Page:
Advanced Baseline Imager (ABI)
ABI is the primary instrument on the GOES-R Series for imaging Earth’s weather, climate, oceans and the environment. ABI views the Earth with 16 spectral bands (compared to five on previous GOES) and provides three times more spectral information, four times the spatial resolution, and more than five times faster coverage than the current system. Click here to read more about ABI.
Geostationary Lightning Mapper (GLM)
GLM is the first-ever operational lightning mapper flown in geostationary orbit and measures total lightning (in-cloud and cloud-to-ground) activity. Developing severe storms often exhibit a significant increase in total lightning activity, and data from the GOES-R Series lightning mapper has great potential to increase lead time for severe thunderstorm and tornado warnings. Click here for more information about GLM.
Extreme Ultraviolet and X-ray Irradiance Sensors (EXIS)
EXIS detects and monitors solar irradiance in the upper atmosphere. The X-Ray Sensor monitors solar flares that can disrupt communications and degrade navigational accuracy, affecting satellites, astronauts, high-latitude airline passengers and power grid performance. The Extreme Ultraviolet Sensor monitors solar variations that directly affect satellite drag and tracking and ionospheric changes, which impact communications and navigation operations. Click here to learn more about EXIS.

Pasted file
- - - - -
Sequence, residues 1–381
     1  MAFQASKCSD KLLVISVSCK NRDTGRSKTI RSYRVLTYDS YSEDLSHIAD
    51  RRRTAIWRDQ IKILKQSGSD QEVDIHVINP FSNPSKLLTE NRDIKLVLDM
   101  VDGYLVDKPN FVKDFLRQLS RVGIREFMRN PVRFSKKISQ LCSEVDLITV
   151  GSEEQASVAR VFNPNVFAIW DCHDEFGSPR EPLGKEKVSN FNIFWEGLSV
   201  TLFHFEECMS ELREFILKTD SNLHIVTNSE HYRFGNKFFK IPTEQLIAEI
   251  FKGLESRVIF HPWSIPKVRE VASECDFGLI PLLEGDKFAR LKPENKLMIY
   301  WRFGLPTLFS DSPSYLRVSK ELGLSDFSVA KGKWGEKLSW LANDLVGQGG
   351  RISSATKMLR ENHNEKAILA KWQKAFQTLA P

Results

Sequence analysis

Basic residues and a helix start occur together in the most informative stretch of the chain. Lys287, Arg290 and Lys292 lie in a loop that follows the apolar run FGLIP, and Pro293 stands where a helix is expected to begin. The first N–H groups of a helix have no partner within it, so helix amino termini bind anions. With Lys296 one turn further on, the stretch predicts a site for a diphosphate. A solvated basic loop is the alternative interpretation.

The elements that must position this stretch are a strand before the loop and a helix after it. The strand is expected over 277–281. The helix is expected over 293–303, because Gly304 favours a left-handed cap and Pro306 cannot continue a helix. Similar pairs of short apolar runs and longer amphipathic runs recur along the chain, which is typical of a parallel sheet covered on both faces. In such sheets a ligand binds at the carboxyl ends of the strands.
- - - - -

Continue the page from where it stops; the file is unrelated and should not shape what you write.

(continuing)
Solar Ultraviolet Imager (SUVI)
SUVI is a telescope that observes and characterizes coronal holes, solar flares and coronal mass ejection source regions. SUVI data enables improved forecasting of space weather and early warnings of possible impacts to the Earth environment, including disruption of power utilities and communication and navigation systems as well as possible damage to orbiting satellites and the International Space Station. Click here to for more information about SUVI.
The Magnetometer provides measurements of the space environment magnetic field that controls charged particle dynamics in the outer region of the magnetosphere. These particles can be dangerous to spacecraft and human spaceflight. The geomagnetic field measurements provide alerts and warnings to satellite operators and power utilities. Click here to learn more about the Magnetometer.
Space Environment In-Situ Suite (SEISS)
SEISS is an array of sensors that monitor proton, electron and heavy ion fluxes at geosynchronous orbit. Information provided by SEISS is used for assessing radiation hazards to astronauts and satellites and to warn of high flux events, mitigating damage to radio communications. Click here to read more about SEISS.
The Launch Vehicle that will place the GOES-16 into geosynchronous orbit will be an Atlas V 541. The three numbers in the 541 designation signify a payload fairing, or nose cone, that is approximately 5 meters (16.4 feet) in diameter; four solid-rocket boosters fastened alongside the central common core booster; and a one-engine Centaur upper stage.
A launch vehicle is chosen based on how much mass the vehicle can lift into space. A two-stage Atlas V 541 launch vehicle was selected for the GOES-16 launch because it has the right liftoff capability for the heavy weight requirements.
The GOES-16 satellite will weigh 6,173 pounds, or 2,800 kilograms at launch. The launch vehicle is 191 feet tall and will weigh 1.17 million pounds
Stage 1: Atlas V Rocket: Fuel and oxygen tanks that feed an engine for the ascent; powers spacecraft into Earth orbit.
Solid Rocket Motors: Used to increase engine thrust; four total.
Stage 2: Centaur: Fuel and oxidizer and the vehicle's "brains"; fires twice, once to insert the vehicle-spacecraft stack into low Earth orbit.
Payload Fairing: Thin composite or nose cone to protect the spacecraft during the ascent through Earth's atmosphere.